Like much of Sub-Saharan Africa, the Eastern and Southern Africa region has seen significant economic growth in recent years, largely relying on agriculture and extractives. However, it hasn’t been able to keep up with the skilled labor demanded by the region’s required economic transformation for further growth. Surveys reveal that firms in the region now face acute challenges in developing research and development (R&D) capacity and filling technical and managerial positions – not just due to inadequate production of college graduates that have been rising over the years, but also due to low quality and relevance of current education and training at the tertiary level.
En tant qu’économiste, spécialisé dans le secteur de l’éducation à la Banque mondiale, je passe souvent en revue de nombreuses stratégies pays ou sectorielles dissertant sur la meilleure façon de développer l’Afrique et d’y atteindre une croissance économique élevée.
Et à chaque fois je me demande: mais qui le fera ? Qui apportera de la valeur ajoutée aux exportations africaines ? Qui construira ? Qui inventera ? Qui soignera ?
La réponse est évidente : ce sont les jeunes fraîchement diplômés des universités africaines et des instituts de formation. Certes, mais dans ce cas nous avons un problème : il n’y a tout simplement pas assez de diplômés en sciences, en technologie, en ingénierie et en mathématiques (STIM) à l’heure actuelle sur le continent et la qualité des formations est très inégale.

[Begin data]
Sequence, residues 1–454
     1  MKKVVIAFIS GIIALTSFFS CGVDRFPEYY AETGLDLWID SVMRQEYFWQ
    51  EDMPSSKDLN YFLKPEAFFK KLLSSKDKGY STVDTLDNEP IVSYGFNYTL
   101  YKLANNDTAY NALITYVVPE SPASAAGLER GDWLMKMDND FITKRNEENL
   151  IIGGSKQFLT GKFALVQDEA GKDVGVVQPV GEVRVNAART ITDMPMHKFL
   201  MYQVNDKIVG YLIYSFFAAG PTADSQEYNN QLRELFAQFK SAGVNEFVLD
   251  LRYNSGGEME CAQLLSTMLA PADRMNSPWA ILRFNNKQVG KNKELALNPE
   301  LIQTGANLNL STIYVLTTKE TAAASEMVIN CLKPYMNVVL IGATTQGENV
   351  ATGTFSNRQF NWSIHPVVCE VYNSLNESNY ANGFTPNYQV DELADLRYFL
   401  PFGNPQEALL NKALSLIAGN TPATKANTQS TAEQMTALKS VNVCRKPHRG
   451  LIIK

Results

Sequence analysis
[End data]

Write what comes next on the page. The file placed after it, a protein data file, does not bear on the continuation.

From my seat as an Education economist at the World Bank, I go through a number of strategies from countries and sectors in Africa outlining how best to achieve economic growth and development. I am repeatedly struck by a key question: Who will do it? Who will add value to African exports? Who will build? Who will invent? Who will cure? The answer is, of course, that graduates from African universities and training institutions should do it. But the problem is one of numbers and quality—there are simply not enough graduates in science, technology, engineering and math (STEM), and programs are of uneven quality.
History shows that investments in agriculture can be a catalytic force in the fight against hunger, poverty and malnutrition and a well-performing farm economy can be an instrument for achieving sustained structural economic transformation. Agricultural growth was the precursor to industrial growth in Europe and, more recently through the Green Revolution, in large parts of Asia and Latin America. The Green Revolution bypassed Africa.
When I was elected President of the Republic of Ghana in 2000, agriculture was a mainstay of the nation’s economy, accounting for 35% of its GDP, 55% of employment and 75% of export revenues. But it was a lagging, orphan sector, suffering from decades of neglect and lack of investment. Ghana’s agriculture had sadly changed little from the kind practiced generations ago. Farmers were still eking out a living, tilling the land by hand, much like their ancestors.